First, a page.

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Duplicate Web Content Penalty Myth Exploded
By : Joel Walsh
Clarification: there is a real duplicate content penalty for content that is
duplicated with minor or no variation across the pages of a single site.
There is also a "mirror" penalty for a site that is more or less
substantially duplicating another single site. What I'm talking about here
is the reprint of pages of content individually, rather than in a mass, on
Another clarification: "penalty" is a loaded concept in SEO. "Penalty" means
that search engines will punish a website for violations of the engine's
terms of service. The punishment can mean making it less likely that the
site will appear in search results. Punishment can also mean removal from
the search engine's index of web pages ("de-indexing" or "delisting").
How have I exploded the "duplicate content penalty" myth?
* PageRank. Many thousands of high-PageRank sites reprint content and
provide content for reprint. The most obvious case is the news wires such as
Reuters (PR 8) and the Associated Press (PR 9) that reprint to sites such as
* The proliferation of content reprint sites. There are now hundreds of
websites devoted to reprint content because it's a cheap, easy magnet for
web traffic, especially search engine traffic.
* Experience. I've seen significant search engine traffic both from
distributing content to be reprinted and from reprinting content on the
How I Doubled Search Engine Traffic with Reprint Content
When I first started distributing content for my main site, I was stunned by
the highly targeted traffic I got from visitors clicking on the link at the
end of the article. Search engine traffic also slowly increased both from
the links and from having content on the site.
But I was even more stunned with the search engine traffic I got when I
started putting reprint articles on the site in September. I had written
quite a number of reprint articles for clients and accumulated a few
webmaster "fans" who looked out for my articles to reprint them. I wanted to
make it easier for them to find all the reprint articles I had written.
I didn't want to draw too much attention to these articles, which had
nothing to do with the main subject of the site, web content. So I secluded
the articles in one section of the site.
The articles got a surprising amount of search engine traffic. The traffic
was overwhelmingly from Google, and for long multiple-word search strings
that just happened to be in the article word for word.
Why was I surprised with all the search engine traffic?
1. The articles had so little link popularity. The link popularity to the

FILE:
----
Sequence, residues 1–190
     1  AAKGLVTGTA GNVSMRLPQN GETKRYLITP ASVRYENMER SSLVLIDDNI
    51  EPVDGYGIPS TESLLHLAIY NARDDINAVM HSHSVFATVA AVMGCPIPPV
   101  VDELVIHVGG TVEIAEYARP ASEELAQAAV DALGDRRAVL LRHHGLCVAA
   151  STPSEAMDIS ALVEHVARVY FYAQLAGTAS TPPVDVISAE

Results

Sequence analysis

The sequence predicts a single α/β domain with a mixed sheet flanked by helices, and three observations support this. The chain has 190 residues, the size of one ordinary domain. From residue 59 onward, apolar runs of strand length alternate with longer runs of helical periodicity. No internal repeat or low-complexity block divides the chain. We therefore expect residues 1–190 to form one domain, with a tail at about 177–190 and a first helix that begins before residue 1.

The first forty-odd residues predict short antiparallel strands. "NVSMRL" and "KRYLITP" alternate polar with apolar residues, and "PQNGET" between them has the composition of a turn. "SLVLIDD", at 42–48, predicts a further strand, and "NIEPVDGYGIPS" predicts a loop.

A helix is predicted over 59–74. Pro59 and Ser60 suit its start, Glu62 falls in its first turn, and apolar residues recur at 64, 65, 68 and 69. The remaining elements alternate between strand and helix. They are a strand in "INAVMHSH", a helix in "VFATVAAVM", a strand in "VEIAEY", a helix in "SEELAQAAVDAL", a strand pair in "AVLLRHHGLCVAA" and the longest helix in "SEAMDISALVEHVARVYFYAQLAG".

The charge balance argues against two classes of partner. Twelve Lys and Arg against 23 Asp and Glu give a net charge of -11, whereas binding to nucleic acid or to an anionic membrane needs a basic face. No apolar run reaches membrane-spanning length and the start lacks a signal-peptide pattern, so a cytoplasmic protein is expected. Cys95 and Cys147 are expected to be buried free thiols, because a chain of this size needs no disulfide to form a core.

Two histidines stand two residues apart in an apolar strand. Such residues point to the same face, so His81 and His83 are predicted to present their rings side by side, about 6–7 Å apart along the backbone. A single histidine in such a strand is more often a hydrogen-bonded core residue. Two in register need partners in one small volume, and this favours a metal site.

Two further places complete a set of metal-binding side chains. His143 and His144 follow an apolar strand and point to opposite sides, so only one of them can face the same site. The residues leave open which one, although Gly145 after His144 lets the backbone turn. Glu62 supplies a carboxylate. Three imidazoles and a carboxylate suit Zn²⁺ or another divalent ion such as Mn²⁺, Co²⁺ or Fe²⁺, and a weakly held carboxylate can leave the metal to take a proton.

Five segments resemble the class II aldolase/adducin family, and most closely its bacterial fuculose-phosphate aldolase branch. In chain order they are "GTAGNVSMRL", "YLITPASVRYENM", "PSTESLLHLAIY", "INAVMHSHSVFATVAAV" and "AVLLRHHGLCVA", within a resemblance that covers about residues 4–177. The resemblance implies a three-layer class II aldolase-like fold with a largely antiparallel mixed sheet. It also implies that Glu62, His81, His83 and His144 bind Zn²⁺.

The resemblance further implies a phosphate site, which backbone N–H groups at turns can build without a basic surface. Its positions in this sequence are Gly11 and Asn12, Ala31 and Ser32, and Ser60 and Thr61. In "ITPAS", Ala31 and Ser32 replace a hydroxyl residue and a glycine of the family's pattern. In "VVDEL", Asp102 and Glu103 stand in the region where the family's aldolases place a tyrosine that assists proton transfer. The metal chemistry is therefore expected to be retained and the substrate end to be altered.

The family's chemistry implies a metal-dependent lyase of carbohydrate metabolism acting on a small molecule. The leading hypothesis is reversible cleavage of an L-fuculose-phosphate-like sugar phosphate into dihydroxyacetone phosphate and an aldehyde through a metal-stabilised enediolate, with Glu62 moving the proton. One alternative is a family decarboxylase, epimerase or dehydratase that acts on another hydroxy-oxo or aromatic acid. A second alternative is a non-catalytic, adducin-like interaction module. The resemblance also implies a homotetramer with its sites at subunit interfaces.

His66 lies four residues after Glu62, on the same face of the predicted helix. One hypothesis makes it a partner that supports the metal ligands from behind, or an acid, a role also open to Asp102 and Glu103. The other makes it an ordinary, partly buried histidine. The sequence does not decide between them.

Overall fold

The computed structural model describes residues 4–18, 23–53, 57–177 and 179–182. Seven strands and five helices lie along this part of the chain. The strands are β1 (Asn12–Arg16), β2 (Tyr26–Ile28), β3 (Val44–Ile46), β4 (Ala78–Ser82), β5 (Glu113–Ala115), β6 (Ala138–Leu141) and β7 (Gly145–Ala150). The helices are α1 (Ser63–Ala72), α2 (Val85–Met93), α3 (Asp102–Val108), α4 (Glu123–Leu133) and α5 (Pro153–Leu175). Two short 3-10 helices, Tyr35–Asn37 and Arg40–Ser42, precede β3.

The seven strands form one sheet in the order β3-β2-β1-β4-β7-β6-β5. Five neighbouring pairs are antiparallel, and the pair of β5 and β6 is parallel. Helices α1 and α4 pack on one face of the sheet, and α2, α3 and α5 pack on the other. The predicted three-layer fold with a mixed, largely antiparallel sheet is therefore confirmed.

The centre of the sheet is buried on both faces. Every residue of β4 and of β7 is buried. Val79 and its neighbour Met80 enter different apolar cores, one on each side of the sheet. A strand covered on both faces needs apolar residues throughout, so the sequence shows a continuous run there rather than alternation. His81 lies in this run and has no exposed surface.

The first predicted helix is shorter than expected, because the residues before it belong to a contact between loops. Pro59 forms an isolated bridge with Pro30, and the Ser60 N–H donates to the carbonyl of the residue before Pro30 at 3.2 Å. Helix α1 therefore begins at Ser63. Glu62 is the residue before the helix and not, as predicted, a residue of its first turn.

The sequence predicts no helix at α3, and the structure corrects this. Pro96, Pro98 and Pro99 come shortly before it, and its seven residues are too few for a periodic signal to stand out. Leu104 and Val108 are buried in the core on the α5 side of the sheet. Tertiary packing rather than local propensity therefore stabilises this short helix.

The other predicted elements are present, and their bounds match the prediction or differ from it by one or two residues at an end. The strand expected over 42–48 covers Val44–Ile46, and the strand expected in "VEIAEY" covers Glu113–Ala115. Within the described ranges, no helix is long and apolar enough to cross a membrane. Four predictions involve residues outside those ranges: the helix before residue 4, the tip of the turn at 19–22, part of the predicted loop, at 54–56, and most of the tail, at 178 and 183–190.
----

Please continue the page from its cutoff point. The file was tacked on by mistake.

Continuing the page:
articles came primarily from a single link to the "reprint content" page
from the homepage, which linked to category pages, which linked to the
articles themselves--three clicks from the homepage. The sitemap was
enormous, well over 100 links, so its PageRank contribution was minimal.
Since these articles were on the site such a short time I strongly doubt
they got any links from other sites.
2. The articles had so much competition. These articles had been reprinted
far more widely than the average reprint article, which is lucky if it makes
it into a few dedicated reprint sites. As part of my service I had done most
of the legwork of reprinting my clients' articles for them. In fact, I
guarantee at least 100 reprints on Google-indexed web pages either for each
article or group of articles. So that's up to 100 web pages, sometimes more,
that were competing with my web page to appear in search engine results for
the search string.
Why Do Reprint Articles Get Search Engine Traffic?
You would think Google would just pick one web page with the article as the
authoritative edition and send all the traffic to it.
But that's not how Google works. All the search engines look at factors
beyond just the content on the web page. They look at links. Google, at
least, claims to look at 100 factors total. Many of these must relate to the
content on the page, but not all of them.
The whole experience has given me great insight into what factors Google
uses in addition to what we would consider the page itself, and the relative
importance of each.
* Web page titles (the one in the html title tag) are extremely important as
tie-breakers between two otherwise equally matched pages. Most reprinters
waste the html title, using the article title as the web page title. Set
yourself apart by creating unique five-to-ten-word web page titles that
include target keywords.
* Content tweaks. You can also introduce the article with a unique,
keyword-laden editor's note, and finish the article off with some
* Intra-site link popularity and anchor text (that is, for links to the
article page from other web pages on the site) are also important. If you
can't link to the page from the homepage, keep it as close to the homepage
as possible and weed out extraneous links (try putting all your site
policies on a single page).
Reprint articles, like the search engine traffic they bring, cost nothing.
Don't look a gift horse in the mouth. Forget the "duplicate content
penalty." Get in on content reprints and share the search engine wealth.
About the Author :
Joel Walsh (http://www.joelwalsh.com)
owns UpMarket Content which has Joel's articles available for reprint, and
also lets you order the complete website promotion content package of
content and distribution services:
Joel Walsh is the head writer for UpMarket, website content and internet
marketing services provider: